Woolley got the track at 5:30 on Monday, a little earlier than usual, to check out the lights. Mine That Bird never has raced under the lights and Woolley said he called Mountaineer Casino Racetrack to be sure the Aug. 1 West Virginia Derby (Grade II) would be run during the day.

    “I have had limited experience running horses at night, but if I had one running, I’d like them to see the lights,” Woolley said. “I took a horse to Remington Park one time for trials and he never had seen lights. When he went to the gate, he was just looking up and when they sprang the latch he was not ready. The whole way down the lane he had his head up and never straightened it out to look ahead.”

    The morning’s training activity under the temporary lights supplied by Iowa-based Musco Lighting received a strong “thumbs up” from Churchill Downs’ Vice President of Operations David Sweazy.

    “We’re very pleased with the bleed over of lights on the racetrack and into the stands, the backside, the gaps and the infield. All early indications are positive. We’ve received feedback from horsemen and they’re pleased,” Sweazy said. “Late in the morning we had an issue with one of the trucks in the infield and a generator blew. That’s why we test these things and have plenty of backups.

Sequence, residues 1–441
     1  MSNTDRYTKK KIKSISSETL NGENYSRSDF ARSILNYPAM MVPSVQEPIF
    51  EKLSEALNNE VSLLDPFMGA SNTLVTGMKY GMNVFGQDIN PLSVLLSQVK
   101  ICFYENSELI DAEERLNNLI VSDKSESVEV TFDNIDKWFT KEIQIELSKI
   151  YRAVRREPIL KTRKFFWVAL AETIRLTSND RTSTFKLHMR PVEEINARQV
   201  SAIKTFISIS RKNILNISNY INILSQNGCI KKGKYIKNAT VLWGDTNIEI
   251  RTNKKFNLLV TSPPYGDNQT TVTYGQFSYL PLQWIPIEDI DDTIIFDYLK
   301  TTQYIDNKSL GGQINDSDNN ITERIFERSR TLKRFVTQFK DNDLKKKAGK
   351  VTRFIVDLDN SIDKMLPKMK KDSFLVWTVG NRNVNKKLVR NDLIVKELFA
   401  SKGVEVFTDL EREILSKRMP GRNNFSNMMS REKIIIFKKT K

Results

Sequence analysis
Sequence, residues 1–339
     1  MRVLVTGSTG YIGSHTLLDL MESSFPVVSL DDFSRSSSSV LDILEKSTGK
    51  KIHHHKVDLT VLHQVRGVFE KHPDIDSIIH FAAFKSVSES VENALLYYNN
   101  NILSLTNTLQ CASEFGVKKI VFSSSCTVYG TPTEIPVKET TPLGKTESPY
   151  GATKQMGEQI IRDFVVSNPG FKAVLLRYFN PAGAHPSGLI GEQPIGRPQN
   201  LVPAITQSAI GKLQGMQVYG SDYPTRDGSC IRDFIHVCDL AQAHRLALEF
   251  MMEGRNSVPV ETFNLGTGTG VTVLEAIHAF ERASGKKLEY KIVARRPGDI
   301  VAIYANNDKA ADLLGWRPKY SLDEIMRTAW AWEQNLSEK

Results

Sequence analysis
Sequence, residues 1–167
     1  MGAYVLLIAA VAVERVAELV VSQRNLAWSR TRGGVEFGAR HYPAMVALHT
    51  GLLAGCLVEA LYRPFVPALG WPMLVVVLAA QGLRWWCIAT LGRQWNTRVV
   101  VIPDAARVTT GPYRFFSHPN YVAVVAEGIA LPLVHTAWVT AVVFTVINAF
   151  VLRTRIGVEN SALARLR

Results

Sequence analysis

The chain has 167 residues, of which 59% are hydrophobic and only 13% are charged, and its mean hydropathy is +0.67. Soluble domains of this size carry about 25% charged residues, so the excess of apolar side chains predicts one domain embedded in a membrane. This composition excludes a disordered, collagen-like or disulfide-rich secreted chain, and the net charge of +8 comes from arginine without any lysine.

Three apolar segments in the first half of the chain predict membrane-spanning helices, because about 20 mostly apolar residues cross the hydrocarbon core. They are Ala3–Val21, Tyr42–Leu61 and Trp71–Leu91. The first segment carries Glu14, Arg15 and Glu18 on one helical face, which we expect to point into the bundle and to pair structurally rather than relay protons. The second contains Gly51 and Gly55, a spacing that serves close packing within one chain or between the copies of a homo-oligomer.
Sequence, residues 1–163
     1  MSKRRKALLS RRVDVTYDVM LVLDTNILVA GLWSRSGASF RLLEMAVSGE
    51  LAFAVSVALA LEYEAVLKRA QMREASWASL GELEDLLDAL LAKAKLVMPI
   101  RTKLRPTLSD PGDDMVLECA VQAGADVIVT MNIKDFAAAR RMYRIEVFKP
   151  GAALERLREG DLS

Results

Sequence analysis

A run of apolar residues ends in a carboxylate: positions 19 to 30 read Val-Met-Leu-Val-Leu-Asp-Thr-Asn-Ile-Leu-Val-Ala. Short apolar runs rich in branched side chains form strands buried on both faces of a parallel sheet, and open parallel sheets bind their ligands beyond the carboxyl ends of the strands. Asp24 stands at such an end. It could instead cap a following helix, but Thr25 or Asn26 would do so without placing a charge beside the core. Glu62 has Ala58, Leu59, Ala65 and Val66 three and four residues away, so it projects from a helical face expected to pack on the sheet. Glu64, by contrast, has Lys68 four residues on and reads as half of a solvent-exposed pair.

“(Musco Lighting) will do some tinkering of the lights on a couple of the turns where there were a few shadows. They’ll do that tonight (between 9-11 p.m.) and we’ll test them again tomorrow (during training between 4-8 a.m.) and be ready for Friday night.” 

John Veitch, Chief State Steward for the Kentucky Horse Racing Commission, also liked what he saw.
“From a safety standpoint, Churchill Downs has done a magnificent job in arranging and preparing the lighting,” Veitch said. “From the standpoint of the commission, our duty is basically safety. It appears to be well organized, well coordinated certainly meets all of our high standards.”

RACHEL ALEXANDRA SIZZLES IN SIX FURLONG WORK – Stonestreet Stables and Harold McCormick’s Rachel Alexandra helped usher in the era of night racing at Churchill Downs when the winner of the Kentucky Oaks and Preakness worked a sparkling six furlongs under temporary lights on Monday at Churchill Downs.